Biden Issues New Order to Block Chinese Investment in Technology in the U.S.

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WASHINGTON — President Biden will sign an executive order on Thursday designed to sharpen the federal government’s powers to block Chinese investment in technology in the United States and limit its access to private data on citizens, administration officials say, in a move that is bound to heighten tensions with Beijing.

The new order is designed to focus the actions of the secretive Committee on Foreign Investments in the United States, created by Congress nearly a half-century ago. For years the committee’s powers were limited largely to blocking the foreign acquisition of American firms that might have a direct impact on national security — a military contractor, for example.

But the new order directs the committee, known by the acronym CFIUS, to concentrate on specific types of transactions that would give a foreign power access to key technologies that Mr. Biden has identified as critical to American economic growth.

The committee will review cases that would have an impact on “microelectronics, artificial intelligence, biotechnology and biomanufacturing, quantum computing, advanced clean energy, and climate adaptation technologies,” according to a White House summary. While China is not specifically mentioned in the order, all of those are key areas in the “Made in China 2025” drive started seven years ago by President Xi Jinping, and they are also technologies in which the United States is now placing more federal resources.

Mr. Biden’s order has been anticipated for months, especially after the priorities were not included in an industrial policy bill that passed in Congress recently, pouring money into key technologies. But the order does not regulate “outbound investment” by American companies in foreign nations, though the Biden administration seems likely to seek new authorities to regulate that as well. For years, one fear has been that China requires companies to turn over technology as part of the price for being allowed to enter the Chinese market.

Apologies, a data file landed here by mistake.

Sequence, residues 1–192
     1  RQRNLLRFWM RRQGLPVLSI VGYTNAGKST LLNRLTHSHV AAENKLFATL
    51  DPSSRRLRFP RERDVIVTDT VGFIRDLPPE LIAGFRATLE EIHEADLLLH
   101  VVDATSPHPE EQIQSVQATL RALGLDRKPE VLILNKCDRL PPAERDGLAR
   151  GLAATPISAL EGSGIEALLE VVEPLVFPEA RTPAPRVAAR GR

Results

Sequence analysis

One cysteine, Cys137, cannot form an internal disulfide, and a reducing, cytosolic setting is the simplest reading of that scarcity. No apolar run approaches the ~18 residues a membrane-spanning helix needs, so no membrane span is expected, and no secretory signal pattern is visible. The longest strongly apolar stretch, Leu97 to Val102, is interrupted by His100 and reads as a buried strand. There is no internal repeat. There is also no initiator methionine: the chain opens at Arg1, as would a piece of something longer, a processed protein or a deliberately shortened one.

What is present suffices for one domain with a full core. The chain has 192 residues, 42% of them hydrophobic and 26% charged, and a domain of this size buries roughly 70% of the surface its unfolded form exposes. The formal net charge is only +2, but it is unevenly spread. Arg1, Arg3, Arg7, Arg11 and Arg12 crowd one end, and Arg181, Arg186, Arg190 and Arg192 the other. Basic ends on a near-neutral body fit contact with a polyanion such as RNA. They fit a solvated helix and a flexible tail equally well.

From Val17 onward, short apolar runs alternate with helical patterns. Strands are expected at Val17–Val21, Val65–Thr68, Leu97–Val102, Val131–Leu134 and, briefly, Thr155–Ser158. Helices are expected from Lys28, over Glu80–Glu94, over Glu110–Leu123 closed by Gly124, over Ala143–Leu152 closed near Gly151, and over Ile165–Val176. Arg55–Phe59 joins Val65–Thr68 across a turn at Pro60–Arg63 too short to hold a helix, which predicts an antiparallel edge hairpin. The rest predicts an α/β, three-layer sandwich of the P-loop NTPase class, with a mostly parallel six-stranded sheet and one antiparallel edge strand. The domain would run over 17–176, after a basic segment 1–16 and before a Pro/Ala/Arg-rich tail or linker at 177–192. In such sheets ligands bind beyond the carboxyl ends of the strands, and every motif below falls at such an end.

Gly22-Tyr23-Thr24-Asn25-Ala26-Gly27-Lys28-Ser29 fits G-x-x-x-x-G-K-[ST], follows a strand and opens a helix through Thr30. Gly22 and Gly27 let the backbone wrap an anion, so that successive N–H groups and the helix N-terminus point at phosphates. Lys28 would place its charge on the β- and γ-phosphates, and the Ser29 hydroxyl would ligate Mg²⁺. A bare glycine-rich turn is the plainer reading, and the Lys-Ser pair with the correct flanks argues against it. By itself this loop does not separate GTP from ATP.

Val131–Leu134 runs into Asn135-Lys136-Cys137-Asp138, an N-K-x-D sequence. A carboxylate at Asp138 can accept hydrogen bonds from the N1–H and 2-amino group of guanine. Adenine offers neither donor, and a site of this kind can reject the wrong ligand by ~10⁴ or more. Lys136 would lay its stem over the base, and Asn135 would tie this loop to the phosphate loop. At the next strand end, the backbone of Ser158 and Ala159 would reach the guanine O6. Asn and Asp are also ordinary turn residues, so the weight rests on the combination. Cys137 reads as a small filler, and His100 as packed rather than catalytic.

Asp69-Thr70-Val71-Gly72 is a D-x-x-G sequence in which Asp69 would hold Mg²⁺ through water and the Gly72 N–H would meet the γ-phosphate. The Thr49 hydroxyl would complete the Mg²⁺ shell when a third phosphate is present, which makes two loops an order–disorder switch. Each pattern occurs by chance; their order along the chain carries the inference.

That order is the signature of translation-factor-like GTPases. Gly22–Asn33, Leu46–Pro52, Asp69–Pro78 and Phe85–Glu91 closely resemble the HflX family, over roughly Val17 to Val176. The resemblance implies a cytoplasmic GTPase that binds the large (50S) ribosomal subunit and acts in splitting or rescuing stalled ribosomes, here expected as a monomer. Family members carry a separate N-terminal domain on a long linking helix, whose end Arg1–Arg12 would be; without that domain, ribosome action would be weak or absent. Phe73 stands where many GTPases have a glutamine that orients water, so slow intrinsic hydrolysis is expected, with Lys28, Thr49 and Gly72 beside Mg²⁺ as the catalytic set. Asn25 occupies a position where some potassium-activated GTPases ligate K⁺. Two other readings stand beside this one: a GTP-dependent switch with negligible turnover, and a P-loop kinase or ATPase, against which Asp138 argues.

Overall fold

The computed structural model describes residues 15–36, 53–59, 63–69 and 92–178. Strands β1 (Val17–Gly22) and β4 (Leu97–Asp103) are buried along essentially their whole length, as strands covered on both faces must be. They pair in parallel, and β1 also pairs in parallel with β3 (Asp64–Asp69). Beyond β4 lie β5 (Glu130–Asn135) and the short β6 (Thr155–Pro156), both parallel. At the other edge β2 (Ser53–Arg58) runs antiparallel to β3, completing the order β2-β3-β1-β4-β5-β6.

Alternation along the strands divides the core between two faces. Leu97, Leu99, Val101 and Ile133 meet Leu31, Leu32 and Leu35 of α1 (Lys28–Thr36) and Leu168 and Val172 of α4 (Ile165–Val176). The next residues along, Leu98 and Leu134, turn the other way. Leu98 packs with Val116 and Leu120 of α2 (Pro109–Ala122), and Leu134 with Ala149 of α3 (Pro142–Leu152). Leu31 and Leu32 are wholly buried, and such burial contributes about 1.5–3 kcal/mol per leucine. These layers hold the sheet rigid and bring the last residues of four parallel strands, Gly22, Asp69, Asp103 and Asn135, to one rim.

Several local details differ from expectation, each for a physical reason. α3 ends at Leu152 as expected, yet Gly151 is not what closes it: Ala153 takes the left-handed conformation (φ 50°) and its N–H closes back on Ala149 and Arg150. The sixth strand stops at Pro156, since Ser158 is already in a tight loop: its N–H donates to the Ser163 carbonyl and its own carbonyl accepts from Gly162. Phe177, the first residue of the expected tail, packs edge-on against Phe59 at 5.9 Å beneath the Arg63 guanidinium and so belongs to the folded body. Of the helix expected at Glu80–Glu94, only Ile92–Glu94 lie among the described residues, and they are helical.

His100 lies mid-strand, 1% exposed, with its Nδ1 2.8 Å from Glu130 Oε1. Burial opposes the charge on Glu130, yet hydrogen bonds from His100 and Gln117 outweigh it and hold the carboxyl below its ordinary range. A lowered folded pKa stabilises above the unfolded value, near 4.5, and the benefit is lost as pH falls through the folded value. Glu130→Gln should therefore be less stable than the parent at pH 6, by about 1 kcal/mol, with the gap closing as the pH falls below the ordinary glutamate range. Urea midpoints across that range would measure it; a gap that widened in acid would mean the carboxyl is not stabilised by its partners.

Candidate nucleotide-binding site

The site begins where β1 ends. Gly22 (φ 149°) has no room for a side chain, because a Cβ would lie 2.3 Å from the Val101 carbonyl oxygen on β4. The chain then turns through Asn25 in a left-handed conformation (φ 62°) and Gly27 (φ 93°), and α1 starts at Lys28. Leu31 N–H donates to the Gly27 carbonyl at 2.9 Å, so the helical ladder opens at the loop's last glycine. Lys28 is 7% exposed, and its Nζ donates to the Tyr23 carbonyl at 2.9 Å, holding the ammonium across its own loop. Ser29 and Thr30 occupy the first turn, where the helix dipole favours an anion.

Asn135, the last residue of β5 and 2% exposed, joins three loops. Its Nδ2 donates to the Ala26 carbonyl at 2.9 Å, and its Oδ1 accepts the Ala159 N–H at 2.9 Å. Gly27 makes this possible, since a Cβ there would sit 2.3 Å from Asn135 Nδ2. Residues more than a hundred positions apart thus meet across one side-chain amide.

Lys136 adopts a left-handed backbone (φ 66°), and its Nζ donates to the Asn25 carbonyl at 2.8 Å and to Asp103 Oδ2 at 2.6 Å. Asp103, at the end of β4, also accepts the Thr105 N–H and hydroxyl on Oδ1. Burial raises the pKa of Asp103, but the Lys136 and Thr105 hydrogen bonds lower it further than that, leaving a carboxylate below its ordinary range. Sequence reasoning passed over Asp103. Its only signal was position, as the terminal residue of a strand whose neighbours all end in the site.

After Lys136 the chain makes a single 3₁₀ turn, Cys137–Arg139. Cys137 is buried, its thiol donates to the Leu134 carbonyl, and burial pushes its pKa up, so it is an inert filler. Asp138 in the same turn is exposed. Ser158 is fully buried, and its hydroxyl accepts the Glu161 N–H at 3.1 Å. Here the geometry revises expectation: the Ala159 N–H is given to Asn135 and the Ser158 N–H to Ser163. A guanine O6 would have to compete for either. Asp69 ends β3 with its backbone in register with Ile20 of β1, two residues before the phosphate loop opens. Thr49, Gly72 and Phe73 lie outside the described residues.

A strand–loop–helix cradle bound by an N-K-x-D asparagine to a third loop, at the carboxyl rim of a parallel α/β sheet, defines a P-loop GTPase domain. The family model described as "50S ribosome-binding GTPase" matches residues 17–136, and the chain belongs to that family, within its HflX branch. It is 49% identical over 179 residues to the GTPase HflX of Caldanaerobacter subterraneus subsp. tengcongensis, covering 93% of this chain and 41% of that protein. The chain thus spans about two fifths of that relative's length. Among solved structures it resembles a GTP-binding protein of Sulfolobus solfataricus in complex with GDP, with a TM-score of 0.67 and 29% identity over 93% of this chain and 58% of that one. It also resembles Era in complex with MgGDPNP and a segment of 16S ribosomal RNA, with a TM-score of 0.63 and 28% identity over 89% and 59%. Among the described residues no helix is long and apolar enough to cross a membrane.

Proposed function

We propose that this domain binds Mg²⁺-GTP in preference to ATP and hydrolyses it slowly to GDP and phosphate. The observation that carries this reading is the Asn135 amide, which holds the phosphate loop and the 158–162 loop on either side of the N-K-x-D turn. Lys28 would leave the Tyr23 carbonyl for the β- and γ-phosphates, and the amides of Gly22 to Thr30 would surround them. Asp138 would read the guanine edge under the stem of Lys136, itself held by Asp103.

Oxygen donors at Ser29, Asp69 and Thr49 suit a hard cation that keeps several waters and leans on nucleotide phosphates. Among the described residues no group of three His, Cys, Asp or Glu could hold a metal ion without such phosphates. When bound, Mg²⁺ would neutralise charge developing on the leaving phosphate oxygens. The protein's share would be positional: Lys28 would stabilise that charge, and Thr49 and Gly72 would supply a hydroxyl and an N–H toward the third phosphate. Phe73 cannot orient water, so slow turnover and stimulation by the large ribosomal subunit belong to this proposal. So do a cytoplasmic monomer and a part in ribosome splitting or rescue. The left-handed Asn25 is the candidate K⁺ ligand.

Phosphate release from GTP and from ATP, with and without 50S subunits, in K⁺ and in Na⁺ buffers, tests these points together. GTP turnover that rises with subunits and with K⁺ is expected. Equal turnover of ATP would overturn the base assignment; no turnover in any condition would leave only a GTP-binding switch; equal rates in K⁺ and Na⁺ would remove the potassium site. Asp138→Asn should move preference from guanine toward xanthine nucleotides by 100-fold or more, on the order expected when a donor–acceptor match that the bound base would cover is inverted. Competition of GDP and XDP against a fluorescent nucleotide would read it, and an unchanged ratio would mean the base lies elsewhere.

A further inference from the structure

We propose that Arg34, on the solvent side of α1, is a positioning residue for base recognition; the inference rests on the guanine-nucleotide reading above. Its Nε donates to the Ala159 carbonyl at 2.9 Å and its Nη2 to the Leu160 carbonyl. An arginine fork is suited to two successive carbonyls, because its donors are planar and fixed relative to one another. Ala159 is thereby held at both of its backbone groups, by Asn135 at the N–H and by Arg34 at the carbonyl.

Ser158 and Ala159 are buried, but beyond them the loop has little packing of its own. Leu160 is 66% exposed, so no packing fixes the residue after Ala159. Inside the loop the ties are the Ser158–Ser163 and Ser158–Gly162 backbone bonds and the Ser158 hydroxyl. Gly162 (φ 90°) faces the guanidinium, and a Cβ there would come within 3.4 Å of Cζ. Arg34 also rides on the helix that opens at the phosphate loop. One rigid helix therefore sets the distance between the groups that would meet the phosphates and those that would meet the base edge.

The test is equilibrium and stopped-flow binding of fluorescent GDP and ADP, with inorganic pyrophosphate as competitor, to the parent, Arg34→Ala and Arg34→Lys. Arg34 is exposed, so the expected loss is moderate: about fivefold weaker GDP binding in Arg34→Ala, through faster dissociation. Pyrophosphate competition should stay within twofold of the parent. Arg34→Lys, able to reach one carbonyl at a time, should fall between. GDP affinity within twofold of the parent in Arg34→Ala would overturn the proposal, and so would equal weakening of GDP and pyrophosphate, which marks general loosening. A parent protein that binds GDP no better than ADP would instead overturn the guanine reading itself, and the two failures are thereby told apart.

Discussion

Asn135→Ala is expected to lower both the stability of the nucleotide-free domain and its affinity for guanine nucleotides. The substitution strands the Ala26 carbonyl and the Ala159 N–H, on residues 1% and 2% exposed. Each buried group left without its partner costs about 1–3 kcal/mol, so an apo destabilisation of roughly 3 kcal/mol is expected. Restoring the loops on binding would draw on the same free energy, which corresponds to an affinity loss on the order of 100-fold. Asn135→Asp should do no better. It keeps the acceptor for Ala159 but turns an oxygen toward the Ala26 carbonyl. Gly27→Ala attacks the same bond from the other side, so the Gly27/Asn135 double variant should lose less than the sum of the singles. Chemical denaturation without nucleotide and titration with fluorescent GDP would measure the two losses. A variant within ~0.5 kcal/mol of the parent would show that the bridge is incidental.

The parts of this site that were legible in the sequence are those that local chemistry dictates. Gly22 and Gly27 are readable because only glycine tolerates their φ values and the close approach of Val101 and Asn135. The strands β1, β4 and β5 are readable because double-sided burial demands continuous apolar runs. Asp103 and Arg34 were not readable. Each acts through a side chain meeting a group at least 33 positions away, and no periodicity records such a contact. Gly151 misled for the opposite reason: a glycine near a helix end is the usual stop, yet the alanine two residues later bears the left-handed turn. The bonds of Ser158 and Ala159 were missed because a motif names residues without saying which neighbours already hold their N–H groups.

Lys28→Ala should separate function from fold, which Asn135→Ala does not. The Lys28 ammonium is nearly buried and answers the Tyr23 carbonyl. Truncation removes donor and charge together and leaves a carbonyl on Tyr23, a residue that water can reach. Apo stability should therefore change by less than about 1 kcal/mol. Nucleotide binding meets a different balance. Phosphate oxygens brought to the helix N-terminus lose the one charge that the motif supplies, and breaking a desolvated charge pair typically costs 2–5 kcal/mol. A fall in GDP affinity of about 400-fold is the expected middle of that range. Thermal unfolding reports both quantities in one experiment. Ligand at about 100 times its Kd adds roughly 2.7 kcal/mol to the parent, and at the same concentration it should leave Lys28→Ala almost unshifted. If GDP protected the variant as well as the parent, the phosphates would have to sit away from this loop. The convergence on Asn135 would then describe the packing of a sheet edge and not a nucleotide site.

“For China, this work is about survival,” Nigel Inkster, the former director of operations and intelligence for Britain’s Secret Intelligence Service, wrote in The New York Times opinion section earlier this week, delineating covert operations by Chinese intelligence operatives to gain technology or manufacturing techniques that would speed Beijing’s way. It notes intelligence laws in China that order Chinese citizens to help intelligence agencies, usually secretly.

To some degree the presidential order formalizes a new, broader interpretation of the committee’s authorities that has been underway for several years. White House officials say that they believe Mr. Biden’s order to focus the CFIUS group on key technologies does not require amending its authorizing laws, which date back to the group’s creation during the Gerald Ford administration.

But over the past seven or so years, the power of the interagency group has gradually expanded significantly, and it now has the power to block even a minority investment — in part because of fears that Chinese state-owned firms were setting up venture capital funds in Silicon Valley and beyond to get an early look at new technologies — without buying a majority stake.

A White House statement said the new order would not look at size, but the characteristic of the technology itself, including “advancements and applications in technology that could undermine national security.”